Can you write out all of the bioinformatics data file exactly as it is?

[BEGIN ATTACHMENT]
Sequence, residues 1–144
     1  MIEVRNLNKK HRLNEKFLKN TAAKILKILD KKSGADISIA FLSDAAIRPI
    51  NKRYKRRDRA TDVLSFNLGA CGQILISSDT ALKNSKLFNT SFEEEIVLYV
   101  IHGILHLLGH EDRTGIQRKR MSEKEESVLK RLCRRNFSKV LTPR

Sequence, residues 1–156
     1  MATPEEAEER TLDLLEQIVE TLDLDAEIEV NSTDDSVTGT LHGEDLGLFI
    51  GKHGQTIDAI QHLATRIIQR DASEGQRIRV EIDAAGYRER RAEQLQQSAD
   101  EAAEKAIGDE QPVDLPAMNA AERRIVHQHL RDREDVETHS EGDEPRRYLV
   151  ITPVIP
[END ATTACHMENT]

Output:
Sequence, residues 1–144
     1  MIEVRNLNKK HRLNEKFLKN TAAKILKILD KKSGADISIA FLSDAAIRPI
    51  NKRYKRRDRA TDVLSFNLGA CGQILISSDT ALKNSKLFNT SFEEEIVLYV
   101  IHGILHLLGH EDRTGIQRKR MSEKEESVLK RLCRRNFSKV LTPR

Sequence, residues 1–156
     1  MATPEEAEER TLDLLEQIVE TLDLDAEIEV NSTDDSVTGT LHGEDLGLFI
    51  GKHGQTIDAI QHLATRIIQR DASEGQRIRV EIDAAGYRER RAEQLQQSAD
   101  EAAEKAIGDE QPVDLPAMNA AERRIVHQHL RDREDVETHS EGDEPRRYLV
   151  ITPVIP